I’ve just finished “Mission at Nuremburg” by Tim Townsend. It is the fascinating story of Henry Gerecke, chaplain at the Nuremberg War Crimes tribunal. A one word quote from a newspaper review on the front simply says “Gripping”, and it was.
Among Gerecke’s ‘parishioners’ were:
- Hermann Goering—Commander-in-chief of the Luftwaffe, and a man who had given some of the most genocidal orders of the war.
- Rudolf Hess—known as the third most powerful man in Germany, behind Hitler and Goering
- Fritz Sauckel—Head of Labour and Supply in Nazi Germany. He was described as “the greatest and cruellest slave driver since Pharaoh”. He worked millions of slave labourers to death without mercy.
- Field Marshall Wilhelm Keitel—Chief of the Supreme Command of the Armed forces. His unquestioning obedience to Hitler led to his being responsible for more deaths than anyone could count.
- Wilhelm Frick—Minister of the Interior. An innocuous sounding title, but that meant he was responsible for all that happened within the borders of Germany, including the rounding up of the Jewish people for extermination. His title covered up a reign of terror.
- Joachim von Ribbentrop—Hitler’s Foreign Minister.
How would you do in ministering to such men?
As chaplain Gerecke knew it was his duty to share the hope of forgiveness with the men under his care—a commission from God that he took most seriously.
Even in his opening meeting with these men, I was moved by his faithfulness to his Saviour. Though their crimes utterly repulsed him, on being introduced to them, he offered his hand, in his own words: “in order that the Gospel be not hindered by any wrong approach I may make… Furthermore I was there as the representative of an all-loving Father. I recalled too, that God loves sinners like me. These men must be told about the Saviour bleeding, suffering and dying on the Cross for them.”
Given the circumstances—Gerecke himself had been to Dachau and touched the walls only for his hand to come away covered in blood—and given that other men were repulsed at his willingness to shake hands—I wanted to cheer for his faithfulness to the gospel.
As he sought to minister to them some, like Goering and Hess, had little time for his message, yet they appreciated his ministry. For Sauckel, Keitel, Frick and Ribbentrop it was different. As they met with Gerecke over the course of the trials, and although they knew it wouldn’t impact their sentence, they came to conviction of their sin, repented and sought forgiveness through Jesus Christ.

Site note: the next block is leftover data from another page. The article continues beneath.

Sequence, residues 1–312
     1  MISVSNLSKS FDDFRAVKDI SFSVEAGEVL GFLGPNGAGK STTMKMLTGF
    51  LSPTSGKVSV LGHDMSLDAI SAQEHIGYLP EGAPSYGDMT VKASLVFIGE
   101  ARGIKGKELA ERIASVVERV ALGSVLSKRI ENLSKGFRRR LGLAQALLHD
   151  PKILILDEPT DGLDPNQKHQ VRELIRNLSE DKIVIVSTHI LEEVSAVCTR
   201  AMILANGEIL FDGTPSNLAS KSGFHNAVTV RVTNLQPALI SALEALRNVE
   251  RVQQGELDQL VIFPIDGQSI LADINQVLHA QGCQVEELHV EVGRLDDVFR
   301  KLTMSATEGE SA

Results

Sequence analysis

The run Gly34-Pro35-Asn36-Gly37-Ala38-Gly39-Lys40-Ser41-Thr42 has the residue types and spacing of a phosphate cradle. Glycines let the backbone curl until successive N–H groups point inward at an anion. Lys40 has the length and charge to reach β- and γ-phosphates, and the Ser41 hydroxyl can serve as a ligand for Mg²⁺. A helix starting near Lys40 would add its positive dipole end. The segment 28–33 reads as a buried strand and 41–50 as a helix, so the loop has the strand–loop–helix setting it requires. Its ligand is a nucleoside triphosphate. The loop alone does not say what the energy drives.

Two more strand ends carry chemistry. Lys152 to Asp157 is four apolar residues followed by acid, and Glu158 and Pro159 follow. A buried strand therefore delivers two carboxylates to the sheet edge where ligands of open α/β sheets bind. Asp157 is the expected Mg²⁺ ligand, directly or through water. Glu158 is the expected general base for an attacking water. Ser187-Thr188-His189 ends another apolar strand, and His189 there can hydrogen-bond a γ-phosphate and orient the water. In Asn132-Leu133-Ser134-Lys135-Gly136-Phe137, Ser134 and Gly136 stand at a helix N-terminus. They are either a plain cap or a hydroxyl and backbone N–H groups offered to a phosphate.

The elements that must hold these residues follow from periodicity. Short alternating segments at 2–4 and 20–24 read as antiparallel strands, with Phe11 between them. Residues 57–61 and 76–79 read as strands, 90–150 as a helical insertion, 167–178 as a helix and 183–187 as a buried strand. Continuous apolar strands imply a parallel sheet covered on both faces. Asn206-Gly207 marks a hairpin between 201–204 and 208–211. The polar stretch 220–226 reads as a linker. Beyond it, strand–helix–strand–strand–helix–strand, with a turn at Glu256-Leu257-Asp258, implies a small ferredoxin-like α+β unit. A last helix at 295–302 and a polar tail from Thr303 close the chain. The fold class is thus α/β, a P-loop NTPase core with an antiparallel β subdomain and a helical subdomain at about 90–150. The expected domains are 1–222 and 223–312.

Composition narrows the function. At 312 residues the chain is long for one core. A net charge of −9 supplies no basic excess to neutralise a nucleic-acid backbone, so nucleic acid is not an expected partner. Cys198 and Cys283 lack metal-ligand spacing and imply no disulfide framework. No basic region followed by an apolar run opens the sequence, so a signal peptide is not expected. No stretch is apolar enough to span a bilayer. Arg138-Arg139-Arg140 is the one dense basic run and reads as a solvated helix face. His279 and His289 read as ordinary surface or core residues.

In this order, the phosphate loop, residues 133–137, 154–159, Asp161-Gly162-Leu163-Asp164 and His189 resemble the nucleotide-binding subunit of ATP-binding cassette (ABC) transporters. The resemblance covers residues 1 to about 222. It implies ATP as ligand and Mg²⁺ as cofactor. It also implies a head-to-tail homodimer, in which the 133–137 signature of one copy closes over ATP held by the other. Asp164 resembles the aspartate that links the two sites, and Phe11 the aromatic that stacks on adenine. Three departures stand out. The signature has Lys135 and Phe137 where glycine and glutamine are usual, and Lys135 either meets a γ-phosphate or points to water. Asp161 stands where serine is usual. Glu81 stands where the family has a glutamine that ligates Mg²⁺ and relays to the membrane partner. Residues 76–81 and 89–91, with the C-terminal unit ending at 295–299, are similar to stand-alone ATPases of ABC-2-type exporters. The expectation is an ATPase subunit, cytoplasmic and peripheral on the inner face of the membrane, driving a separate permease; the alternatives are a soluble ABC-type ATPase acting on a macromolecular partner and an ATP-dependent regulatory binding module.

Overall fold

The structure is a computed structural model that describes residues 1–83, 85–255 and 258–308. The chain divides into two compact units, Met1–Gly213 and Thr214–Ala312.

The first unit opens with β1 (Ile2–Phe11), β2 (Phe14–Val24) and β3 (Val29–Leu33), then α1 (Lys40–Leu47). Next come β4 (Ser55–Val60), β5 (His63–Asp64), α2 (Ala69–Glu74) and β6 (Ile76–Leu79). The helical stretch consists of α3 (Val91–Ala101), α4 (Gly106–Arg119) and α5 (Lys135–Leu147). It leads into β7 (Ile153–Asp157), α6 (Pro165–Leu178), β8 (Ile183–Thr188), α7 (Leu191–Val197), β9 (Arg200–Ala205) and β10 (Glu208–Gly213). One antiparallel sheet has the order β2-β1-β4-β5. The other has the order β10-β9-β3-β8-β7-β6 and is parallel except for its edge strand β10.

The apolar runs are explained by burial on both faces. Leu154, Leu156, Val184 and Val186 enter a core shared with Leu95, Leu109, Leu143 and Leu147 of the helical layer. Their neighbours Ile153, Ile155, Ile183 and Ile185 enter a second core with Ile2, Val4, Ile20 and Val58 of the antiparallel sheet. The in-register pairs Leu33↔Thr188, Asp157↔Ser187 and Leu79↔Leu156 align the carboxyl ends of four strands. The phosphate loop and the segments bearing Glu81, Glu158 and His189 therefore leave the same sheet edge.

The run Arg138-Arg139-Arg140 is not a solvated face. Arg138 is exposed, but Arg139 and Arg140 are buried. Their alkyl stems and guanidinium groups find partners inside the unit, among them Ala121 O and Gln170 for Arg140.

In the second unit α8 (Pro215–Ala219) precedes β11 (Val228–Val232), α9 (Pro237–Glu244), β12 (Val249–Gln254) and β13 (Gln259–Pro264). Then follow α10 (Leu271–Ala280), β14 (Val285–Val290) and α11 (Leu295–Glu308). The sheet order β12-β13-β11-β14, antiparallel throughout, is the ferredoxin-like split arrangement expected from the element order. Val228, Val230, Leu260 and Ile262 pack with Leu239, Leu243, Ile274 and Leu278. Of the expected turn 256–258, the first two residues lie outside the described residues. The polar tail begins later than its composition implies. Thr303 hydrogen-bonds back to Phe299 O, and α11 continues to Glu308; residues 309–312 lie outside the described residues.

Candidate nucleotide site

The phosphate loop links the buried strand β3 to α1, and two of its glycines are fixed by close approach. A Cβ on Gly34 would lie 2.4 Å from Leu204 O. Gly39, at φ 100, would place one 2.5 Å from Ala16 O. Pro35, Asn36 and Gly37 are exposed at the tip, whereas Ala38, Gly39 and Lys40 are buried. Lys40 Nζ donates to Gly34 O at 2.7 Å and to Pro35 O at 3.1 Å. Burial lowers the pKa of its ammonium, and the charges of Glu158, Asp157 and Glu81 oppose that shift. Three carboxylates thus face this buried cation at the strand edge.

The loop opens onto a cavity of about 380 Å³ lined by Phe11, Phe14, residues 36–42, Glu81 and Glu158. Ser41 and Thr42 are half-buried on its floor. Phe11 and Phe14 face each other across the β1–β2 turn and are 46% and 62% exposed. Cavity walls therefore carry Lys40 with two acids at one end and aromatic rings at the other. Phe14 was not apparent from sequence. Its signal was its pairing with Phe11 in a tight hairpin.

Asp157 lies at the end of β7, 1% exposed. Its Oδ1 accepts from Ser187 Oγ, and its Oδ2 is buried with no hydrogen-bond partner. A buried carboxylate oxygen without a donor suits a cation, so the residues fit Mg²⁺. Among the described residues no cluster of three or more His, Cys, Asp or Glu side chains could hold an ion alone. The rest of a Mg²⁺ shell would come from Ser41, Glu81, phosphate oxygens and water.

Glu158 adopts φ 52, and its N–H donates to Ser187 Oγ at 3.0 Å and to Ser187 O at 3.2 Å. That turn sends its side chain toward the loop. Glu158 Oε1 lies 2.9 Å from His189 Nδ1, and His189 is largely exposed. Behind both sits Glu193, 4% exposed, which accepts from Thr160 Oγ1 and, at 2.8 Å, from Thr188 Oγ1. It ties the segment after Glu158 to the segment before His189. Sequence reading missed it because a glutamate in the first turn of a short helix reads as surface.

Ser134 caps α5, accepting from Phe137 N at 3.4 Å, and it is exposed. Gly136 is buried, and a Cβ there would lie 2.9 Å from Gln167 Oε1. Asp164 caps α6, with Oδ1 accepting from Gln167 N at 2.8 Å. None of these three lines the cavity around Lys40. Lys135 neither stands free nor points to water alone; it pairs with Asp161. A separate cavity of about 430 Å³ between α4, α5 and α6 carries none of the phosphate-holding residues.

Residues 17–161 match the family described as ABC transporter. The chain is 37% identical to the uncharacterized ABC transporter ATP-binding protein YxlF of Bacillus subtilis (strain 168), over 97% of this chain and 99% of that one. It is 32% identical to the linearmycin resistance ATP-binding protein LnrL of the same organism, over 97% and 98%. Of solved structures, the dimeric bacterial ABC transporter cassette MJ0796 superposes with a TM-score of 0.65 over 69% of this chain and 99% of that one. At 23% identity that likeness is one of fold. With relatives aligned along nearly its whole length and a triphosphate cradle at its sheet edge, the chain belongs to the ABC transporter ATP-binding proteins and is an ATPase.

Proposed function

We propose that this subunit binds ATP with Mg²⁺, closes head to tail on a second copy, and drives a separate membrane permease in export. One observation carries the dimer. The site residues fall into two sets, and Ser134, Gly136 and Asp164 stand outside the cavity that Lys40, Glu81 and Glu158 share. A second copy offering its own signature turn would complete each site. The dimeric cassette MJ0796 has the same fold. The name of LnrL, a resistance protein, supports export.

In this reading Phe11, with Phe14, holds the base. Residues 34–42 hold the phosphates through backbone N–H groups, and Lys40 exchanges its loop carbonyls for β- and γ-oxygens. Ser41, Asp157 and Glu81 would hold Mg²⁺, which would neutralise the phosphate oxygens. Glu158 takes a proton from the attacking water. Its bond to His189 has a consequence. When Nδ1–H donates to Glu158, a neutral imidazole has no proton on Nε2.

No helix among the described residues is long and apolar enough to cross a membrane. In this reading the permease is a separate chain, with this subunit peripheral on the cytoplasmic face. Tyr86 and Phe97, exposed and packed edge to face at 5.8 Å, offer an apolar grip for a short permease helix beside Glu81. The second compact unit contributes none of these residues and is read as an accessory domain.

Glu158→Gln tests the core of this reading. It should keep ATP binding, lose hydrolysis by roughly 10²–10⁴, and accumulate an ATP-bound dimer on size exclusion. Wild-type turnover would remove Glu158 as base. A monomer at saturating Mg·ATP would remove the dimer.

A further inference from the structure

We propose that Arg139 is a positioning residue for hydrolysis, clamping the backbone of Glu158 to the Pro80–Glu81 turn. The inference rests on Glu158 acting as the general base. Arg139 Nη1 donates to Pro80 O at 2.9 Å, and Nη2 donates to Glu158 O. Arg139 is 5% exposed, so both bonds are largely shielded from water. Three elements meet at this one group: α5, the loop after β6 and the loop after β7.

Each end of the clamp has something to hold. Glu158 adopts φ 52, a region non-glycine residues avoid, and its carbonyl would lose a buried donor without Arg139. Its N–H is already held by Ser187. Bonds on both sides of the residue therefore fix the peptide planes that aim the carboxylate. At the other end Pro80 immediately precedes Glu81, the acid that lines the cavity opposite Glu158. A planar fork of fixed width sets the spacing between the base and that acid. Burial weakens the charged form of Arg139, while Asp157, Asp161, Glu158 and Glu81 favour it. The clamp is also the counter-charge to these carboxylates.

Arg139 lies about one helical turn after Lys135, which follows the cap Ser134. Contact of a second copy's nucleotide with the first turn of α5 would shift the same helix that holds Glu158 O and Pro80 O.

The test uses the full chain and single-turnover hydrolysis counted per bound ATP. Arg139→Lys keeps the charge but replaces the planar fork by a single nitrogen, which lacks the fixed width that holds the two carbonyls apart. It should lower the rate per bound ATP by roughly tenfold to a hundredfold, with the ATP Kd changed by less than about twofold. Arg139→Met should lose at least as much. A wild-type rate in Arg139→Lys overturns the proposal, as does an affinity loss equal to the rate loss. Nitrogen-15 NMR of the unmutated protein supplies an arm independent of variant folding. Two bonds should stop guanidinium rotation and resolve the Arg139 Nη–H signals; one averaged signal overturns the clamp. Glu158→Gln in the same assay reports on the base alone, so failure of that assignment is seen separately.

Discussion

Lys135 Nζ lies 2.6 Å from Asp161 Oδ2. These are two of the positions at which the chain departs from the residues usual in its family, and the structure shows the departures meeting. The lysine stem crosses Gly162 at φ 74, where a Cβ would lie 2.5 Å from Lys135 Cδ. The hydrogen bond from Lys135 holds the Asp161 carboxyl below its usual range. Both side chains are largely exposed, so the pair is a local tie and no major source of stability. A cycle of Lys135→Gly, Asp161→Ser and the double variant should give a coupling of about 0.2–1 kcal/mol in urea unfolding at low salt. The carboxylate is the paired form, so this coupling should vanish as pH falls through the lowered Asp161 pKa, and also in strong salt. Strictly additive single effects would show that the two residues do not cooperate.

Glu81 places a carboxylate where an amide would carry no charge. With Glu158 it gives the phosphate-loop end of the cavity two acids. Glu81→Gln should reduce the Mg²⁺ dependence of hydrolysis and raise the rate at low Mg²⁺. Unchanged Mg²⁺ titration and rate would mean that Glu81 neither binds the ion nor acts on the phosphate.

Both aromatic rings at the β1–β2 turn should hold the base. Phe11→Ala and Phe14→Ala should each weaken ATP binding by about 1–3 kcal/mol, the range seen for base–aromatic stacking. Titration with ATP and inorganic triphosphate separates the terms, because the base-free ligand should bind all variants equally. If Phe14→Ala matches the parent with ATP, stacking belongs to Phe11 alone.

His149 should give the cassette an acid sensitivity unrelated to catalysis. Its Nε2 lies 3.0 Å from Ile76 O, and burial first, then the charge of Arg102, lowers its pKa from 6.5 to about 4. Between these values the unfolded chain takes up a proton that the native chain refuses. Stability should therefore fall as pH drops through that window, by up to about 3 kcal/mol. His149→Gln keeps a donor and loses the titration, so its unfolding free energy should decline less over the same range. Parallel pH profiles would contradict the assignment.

Each of those four was found guilty and sentenced to be hanged. Yet these men displayed at their death that something had happened within them.
Ribbentrop, asked for his last words by the executioner, said, “I place all my confidence in the Lamb who made atonement for my sins.” Then he turned to Gerecke and said, “I’ll see you again.”
Sauckel the ‘slave driver’, and Keitel the head of armed forces made similar statements, and Frick the man who terrorised hundreds of thousands informed the chaplain that he too had come to faith in Christ.
From Gerecke’s account it would seem that these conversions were genuine. He wrote, “I have had many years experience as a prison chaplain and I do not believe that I am easily deluded by phoney reformations at the eleventh hour.” What had these men to gain by pretending anything? They were sentenced to die regardless.
Here is the wonder of Christ’s work on the cross. You can’t be too bad for forgiveness. There is grace for the worst of sinners. The damnation Sauckel, Frick, Ribbentrop, Keitel and I deserved was taken by God the Son.
But that victory of grace came about, humanly speaking, by a man who was himself conquered by grace. And held out his hand.
How would you do in ministering to such people? History is easy to read—but less easy to be part of.
Who is your Saviour asking you to shake hands with for the sake of the gospel? Someone whose lifestyle is utterly repugnant to you? Someone whom you think deserves what they get?
I leave you with Gerecke’s words:
“in order that the Gospel be not hindered by any wrong approach I may make… Furthermore I was there as the representative of an all-loving Father. I recalled too, that God loves sinners like me. These men must be told about the Saviour bleeding, suffering and dying on the Cross for them.”
For a review of the book see here